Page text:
For nearly 40 years, we’ve studied the foods and beverages people in America consume on a daily basis. We recently took a look at the top foods and drinks consumed when we first started recording eating and drinking trends in the 1980s. They’re alive and well all these years later, but in many cases, they have been transformed due to changing consumer attitudes and behaviors.
Read on to see how the top food and beverage items in the 1980s have evolved and explore what they look like today.
Regular coffee was once a staple beverage for U.S. consumers day and night, but today consumers pay more attention to specialty coffee beverages, like cappuccinos and lattes, and they primarily drink them in the morning and afternoon. That change in coffee’s relevance throughout the day means coffee consumption per capita has steadily declined over the past several decades, our Food Industry Advisor, David Portalatin pointed out. Consumers have been willing to pay more when they drink specialty coffee, however, and these beverages are gaining ground both in the home and away from home. Innovative coffee appliances and products that make the in-home brewing process more convenient have proliferated in the past decade despite their higher per-unit cost for a cup.
Dairy milk is still among the top beverages consumed, but it has been declining. More alternative dairy beverages entering the market, growing awareness of dairy-related allergies, and decreased consumption of cold cereal have contributed to declining milk consumption. For instance, milk alternatives, like almond and oat milk, are regularly consumed by 12% of consumers, as shown by our National Eating Trends® (NET®) data. Both dairy milk and milk alternatives are likely to be used in cold and hot cereal.
Compared to the Cola Wars of the 1980s, enthusiasm for sweet soft drinks has been fizzling out in recent decades. Many consumers in America have looked to reduce their sugar intake, and those seeking more natural ingredients have been reluctant to drink diet beverages. Despite these concerns, soda isn’t going away. “Consumers still like bubbles in their beverages,” said Portalatin. As a result, consumers have found ways to have their cake and eat it, too—seltzer and sparkling waters have grown among health-conscious consumers in recent years, Portalatin added.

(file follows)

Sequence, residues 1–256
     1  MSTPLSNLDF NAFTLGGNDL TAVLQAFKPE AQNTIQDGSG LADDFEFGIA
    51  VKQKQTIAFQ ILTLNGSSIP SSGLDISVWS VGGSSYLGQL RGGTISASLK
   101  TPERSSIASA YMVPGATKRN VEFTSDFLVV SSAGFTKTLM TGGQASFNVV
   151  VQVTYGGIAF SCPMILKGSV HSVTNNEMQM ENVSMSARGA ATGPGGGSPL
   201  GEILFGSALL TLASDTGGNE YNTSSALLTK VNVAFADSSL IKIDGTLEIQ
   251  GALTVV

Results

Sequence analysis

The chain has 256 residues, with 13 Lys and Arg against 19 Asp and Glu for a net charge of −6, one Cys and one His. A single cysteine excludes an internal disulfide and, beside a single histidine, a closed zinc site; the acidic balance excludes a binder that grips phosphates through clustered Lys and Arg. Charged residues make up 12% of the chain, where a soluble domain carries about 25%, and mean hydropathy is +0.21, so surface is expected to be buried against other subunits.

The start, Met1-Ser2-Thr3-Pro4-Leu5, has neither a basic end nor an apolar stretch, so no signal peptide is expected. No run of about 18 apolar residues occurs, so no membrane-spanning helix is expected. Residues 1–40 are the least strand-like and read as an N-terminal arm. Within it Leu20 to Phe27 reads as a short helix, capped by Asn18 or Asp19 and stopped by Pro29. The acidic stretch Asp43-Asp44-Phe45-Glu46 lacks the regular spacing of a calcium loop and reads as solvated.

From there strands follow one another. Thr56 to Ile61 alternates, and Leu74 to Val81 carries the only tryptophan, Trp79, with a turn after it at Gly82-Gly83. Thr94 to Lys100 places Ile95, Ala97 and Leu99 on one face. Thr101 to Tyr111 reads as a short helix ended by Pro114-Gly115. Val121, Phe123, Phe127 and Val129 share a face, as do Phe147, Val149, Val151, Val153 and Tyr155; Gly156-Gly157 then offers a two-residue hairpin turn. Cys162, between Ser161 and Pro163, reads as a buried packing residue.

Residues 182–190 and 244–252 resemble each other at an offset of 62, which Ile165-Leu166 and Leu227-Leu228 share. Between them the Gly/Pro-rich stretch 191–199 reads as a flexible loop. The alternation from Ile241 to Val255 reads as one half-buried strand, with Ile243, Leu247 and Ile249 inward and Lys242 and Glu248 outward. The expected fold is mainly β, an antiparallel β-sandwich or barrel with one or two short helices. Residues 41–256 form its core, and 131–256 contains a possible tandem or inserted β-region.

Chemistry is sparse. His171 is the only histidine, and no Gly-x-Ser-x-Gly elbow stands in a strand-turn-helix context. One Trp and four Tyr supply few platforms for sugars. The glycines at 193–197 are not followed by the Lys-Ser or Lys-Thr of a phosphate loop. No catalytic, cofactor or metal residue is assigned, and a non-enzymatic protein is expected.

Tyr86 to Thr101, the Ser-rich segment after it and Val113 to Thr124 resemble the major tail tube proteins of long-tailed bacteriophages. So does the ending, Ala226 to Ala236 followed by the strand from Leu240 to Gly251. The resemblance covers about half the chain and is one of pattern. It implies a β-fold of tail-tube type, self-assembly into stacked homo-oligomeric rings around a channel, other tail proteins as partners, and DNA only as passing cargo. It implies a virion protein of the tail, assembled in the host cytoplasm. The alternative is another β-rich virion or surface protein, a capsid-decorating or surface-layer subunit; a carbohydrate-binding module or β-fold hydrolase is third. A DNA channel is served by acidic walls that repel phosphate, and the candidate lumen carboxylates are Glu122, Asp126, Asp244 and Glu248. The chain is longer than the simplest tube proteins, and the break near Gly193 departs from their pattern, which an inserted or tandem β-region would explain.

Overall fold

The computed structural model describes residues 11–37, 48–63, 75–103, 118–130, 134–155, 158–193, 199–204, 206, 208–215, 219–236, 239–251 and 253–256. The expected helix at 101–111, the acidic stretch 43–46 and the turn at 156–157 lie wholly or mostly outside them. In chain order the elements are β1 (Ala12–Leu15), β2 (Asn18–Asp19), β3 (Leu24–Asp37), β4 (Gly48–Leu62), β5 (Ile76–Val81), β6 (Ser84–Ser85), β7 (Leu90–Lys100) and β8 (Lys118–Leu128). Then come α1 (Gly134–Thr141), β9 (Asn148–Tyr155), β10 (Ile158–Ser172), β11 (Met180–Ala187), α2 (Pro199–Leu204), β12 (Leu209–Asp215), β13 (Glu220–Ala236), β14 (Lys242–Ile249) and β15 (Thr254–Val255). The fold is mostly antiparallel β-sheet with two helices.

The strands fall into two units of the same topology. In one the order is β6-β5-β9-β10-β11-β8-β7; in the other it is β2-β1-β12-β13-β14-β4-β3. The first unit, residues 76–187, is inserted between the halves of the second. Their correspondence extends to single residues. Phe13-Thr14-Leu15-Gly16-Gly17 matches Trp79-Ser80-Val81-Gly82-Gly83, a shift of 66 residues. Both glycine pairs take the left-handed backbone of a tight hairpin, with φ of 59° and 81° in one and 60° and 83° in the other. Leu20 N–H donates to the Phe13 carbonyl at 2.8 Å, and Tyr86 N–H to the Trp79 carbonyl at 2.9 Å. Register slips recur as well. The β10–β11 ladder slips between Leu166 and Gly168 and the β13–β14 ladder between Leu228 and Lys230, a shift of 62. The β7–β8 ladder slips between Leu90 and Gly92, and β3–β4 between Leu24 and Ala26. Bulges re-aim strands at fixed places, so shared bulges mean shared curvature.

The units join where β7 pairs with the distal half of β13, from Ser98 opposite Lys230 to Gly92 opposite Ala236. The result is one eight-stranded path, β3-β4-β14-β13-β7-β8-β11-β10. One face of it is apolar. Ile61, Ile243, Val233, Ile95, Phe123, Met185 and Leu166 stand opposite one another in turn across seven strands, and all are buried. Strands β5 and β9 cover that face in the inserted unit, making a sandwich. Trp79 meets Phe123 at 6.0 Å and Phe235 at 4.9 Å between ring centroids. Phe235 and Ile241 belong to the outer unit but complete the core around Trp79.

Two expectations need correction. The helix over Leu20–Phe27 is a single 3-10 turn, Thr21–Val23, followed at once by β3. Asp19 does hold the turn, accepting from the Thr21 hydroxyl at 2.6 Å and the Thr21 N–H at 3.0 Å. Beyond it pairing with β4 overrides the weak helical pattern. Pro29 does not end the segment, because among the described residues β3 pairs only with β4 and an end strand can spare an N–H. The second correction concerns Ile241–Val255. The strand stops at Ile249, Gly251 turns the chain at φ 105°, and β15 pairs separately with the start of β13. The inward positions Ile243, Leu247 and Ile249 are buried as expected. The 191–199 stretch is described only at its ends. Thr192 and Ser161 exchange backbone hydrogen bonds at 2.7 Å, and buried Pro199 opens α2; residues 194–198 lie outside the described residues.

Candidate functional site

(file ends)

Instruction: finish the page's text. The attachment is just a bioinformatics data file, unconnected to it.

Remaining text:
Bread and Sandwiches
In a shift away from two slices of white bread with a deli meat and yellow cheese, sandwiches have grown more sophisticated since the debut of our NET service. Items like artisanal cheeses and meats and spicy condiments have taken a central role sandwich-making. And although sandwiches are still mostly served on traditional sliced bread, rolls, tortillas, and specialty breads have become more common.
As in the 1980s, sandwiches are still the number-one lunch item in the U.S., and recently, they have expanded into other dayparts. In the past decade, breakfast sandwiches were among the fastest-growing food items. Portalatin attributes this to increased consumer demand for quick and convenient meal options. Continued growth of breakfast sandwiches is anticipated—sales at commercial restaurants are expected to increase 7% over the next five years, making it one of the top projected growth items at breakfast, as shown by our Future of Morning report.
Portalatin says though vegetables were mostly confined to side dishes in the 1980s, plant-based foods including vegetables have gained in importance in more U.S. meals. Three recent innovations have made this possible. First, companies like Impossible Foods and Beyond Meat have transformed plants into convincing hamburger patty substitutes. Our Future of Plant-Based Snapshot shows 21% of consumers reported health and wellness would be a key reason for eating plant-based meat alternatives, making this the most cited reason. These substitutes offer a tasty and protein-laden way for consumers to put plants at the center of the plate. Another innovation putting plants in the foreground is the multicooker (such as Instant Pot), which makes vegetable-centric dishes like medleys easier to cook. Lastly, innovations related to frozen vegetables, like cauliflower rice, enable consumers to make healthier recipes by substituting a vegetable for a complex carbohydrate, like rice.